Grief and exhaustion go hand in hand. The grieving process can use up incredible amounts of energy and may also leave you exhausted beyond belief. Sometimes, it may feel as if you can barely keep your head above water to face the reality of your loss.
Every breath you take can seem like your drowning in sorrow, but you’re too tired to react. You feel immobilized and unable to take any action - even when necessary.
Jump ahead to these sections:
- Why Does Grief Make You Feel So Tired?
- How to Handle Grief and Exhaustion
- How to Help a Loved One Who’s Experiencing Exhaustion While Grieving
Trying to cope with grief when you're exhausted can be debilitating. However, it is good to know that chronic fatigue is a common and natural response to profound sorrow. Every day can feel like a new wave of pain hitting you like a ton of bricks. Grief is incredibly draining on you mentally, physically, and emotionally.
When grief and exhaustion overtake you, there are ways for you to push through even the most challenging days.
Why Does Grief Make You Feel So Tired?
The physical and mental effects of grief are so overpowering at points that it can be hard to function even in day-to-day life. The emotional ups and downs that you’ll experience, coupled with lack of sleep and an erratic eating schedule can all contribute to feeling tired and unable to function at your normal levels. Finding ways to balance your grief responses with proper rest is crucial as you try to deal with your loss.
The following suggestions may help you as you navigate the natural grief responses following a significant loss.
How to Handle Grief and Exhaustion
Grief fatigue is a real thing. There are many different types of grief that affect someone who’s in mourning. Feeling tired and exhausted are some of the more overwhelming grief responses a person experiences following a loss of another significant setback.
1. Prioritize self-care
The physical manifestation of grief-related fatigue is feeling imbalanced. Knowing how you can practice self care while you’re grieving is essential in getting through the grief journey as whole as possible.
Self care starts off with the small things in life, such as waking up every day, getting up out of bed, and getting dressed. These are some of the most essential things you can do to get you back on track following the death of a loved one or another type of major loss.
Rather than attempting to get it back together all at once, practice taking care of yourself one small act at a time. You can start with ensuring that your exercise and nutrition get back in balance.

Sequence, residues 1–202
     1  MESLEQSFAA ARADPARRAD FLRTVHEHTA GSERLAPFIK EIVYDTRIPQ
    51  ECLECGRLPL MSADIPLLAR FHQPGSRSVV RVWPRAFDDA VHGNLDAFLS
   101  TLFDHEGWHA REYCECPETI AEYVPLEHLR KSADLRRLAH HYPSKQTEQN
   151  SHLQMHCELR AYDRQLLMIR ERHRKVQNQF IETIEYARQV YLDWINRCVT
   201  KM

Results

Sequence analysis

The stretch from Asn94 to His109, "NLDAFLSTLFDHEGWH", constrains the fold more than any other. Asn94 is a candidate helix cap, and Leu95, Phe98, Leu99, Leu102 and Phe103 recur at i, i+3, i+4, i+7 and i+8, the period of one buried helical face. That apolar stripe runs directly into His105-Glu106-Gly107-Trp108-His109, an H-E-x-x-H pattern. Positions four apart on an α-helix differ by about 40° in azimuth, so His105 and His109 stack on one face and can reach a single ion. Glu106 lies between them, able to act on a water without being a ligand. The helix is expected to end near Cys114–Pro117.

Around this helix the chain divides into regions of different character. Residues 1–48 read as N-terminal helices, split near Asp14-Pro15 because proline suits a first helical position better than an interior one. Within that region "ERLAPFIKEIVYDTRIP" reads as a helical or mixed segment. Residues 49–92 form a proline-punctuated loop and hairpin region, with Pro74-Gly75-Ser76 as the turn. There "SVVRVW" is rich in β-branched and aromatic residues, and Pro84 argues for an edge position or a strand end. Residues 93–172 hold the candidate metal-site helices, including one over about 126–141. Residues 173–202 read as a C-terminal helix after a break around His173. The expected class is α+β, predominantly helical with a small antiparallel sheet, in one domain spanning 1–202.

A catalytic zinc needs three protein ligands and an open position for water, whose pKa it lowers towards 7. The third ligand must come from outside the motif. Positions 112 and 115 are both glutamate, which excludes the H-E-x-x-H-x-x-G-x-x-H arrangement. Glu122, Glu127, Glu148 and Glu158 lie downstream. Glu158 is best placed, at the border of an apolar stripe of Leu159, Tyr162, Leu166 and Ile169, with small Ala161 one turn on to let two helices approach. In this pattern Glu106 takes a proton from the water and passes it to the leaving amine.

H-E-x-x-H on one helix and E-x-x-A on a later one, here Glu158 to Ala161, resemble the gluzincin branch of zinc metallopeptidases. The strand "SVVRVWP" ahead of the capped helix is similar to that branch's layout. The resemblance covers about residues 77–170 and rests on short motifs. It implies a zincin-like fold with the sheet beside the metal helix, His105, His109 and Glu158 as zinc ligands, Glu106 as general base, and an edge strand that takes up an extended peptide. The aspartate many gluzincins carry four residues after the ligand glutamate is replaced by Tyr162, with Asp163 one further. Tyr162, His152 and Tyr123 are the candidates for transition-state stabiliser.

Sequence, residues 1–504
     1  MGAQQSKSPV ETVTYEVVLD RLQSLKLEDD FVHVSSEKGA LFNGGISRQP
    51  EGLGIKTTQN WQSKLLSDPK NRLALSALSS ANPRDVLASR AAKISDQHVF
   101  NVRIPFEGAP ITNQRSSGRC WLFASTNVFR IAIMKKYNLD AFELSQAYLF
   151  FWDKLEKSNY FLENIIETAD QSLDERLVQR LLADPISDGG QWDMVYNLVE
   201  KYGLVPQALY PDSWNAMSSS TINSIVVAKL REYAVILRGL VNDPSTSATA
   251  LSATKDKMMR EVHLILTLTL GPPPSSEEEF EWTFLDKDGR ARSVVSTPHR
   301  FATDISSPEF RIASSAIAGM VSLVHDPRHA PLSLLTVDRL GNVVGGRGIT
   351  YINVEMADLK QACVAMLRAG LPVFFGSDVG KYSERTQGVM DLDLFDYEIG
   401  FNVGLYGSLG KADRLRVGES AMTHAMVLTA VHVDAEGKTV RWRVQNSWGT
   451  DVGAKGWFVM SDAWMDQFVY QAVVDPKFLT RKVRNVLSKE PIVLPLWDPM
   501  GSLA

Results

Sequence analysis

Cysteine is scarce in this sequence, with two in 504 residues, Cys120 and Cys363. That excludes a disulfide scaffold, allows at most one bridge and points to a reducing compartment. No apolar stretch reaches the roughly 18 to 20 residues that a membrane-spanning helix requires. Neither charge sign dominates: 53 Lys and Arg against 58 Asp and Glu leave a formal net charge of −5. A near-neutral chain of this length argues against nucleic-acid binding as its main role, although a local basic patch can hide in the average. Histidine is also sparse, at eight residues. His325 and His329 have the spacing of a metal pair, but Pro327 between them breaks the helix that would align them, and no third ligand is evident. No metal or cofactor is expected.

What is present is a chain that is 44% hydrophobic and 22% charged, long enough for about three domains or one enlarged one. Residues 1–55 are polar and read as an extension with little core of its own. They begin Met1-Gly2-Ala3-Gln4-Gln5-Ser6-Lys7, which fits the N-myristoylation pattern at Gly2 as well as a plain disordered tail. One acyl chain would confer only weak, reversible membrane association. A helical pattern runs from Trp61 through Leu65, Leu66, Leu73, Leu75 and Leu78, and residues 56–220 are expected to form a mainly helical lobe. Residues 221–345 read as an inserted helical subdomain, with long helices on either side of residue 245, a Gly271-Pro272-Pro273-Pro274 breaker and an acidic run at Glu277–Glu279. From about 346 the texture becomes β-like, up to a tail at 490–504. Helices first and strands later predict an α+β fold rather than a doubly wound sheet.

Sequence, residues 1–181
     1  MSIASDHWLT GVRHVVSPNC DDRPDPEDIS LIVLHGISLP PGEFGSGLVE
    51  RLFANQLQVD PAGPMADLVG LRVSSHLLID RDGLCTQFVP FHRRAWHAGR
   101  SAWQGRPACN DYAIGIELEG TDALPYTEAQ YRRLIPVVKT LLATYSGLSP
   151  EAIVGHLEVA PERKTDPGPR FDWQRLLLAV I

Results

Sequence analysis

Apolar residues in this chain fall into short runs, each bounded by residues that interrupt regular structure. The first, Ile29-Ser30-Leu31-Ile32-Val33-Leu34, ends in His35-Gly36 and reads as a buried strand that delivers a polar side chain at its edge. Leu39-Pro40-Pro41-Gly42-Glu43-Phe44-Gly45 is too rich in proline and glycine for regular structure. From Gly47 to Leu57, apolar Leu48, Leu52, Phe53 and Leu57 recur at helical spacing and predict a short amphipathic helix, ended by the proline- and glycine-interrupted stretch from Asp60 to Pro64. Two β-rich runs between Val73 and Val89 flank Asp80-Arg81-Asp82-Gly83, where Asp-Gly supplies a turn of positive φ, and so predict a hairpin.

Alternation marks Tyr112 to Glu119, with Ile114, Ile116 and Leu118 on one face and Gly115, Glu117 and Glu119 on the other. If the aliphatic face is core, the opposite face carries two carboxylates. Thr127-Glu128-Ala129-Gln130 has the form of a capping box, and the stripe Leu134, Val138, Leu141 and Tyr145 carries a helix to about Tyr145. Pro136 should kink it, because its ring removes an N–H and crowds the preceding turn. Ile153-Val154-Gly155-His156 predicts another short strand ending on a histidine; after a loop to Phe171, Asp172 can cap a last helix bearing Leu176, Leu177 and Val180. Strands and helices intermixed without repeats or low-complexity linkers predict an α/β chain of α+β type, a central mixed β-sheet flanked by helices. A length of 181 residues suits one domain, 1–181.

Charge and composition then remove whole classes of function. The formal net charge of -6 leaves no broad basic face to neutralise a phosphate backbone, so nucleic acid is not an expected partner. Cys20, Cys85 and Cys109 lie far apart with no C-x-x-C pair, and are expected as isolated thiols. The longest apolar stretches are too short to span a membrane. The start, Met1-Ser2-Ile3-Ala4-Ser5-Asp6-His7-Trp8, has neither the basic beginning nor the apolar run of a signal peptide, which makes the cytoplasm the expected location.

Begin by planning and preparing at least one nutritionally balanced meal a day, and try to get moving a few minutes each day. Consider meal-prepping for the week and going out for a walk every day around the block, the park, or other convenient outdoor areas available to you.
2. Downgrade your expectations
Narrow down your responsibilities and your to-do list. Every day, some people plan to accomplish an impressive list of things before the end of the day. This works well for those who are super motivated and live a life relatively free from emotional pain and suffering. It becomes more difficult for those suffering through grief, if not impossible, to get through such an ardent list of tasks every day.
When you’re grieving a loss, consider limiting your to-do list to no more than three things. They can range anywhere from “must do” to “if time permits.”
Tackle the most important things first, and leave the smaller, less important tasks for last. Prioritizing your tasks helps in the event your energy resources get depleted before the end of the day.
3. Be patient with yourself and others
It takes time to heal from grief. Don’t rush through the experience or assume that others can do so as well. There is no timeline for the grief process. Everyone will suffer through grief in their own way.
For some, healing will take place sooner than for others. Some of the intervening factors are a person’s personality, emotional strength, stability, overall maturity level, and ability to handle stressful situations.
Rushing through the grief process may leave some of your grief unresolved, only to resurface later as a complication in your healing process. Take as much time as is needed to work through your emotions. There’s no rush to the finish line when it comes to healing from grief.
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4. Take things one day at a time
Taking things day by day will help you to take control of your life sooner rather than later. Whenever a person who’s grieving tries to take on too much way too soon, they’re left feeling defeated and out of control. One of the best ways to handle the debilitating exhaustion resulting from grief is to go slow and not try to do too much.
Permit yourself to slack on the everyday chores and routines. Only do as much as you want and feel able to. No one should be keeping score of what you’re accomplishing each day. And, indeed, you shouldn’t be competing against yourself.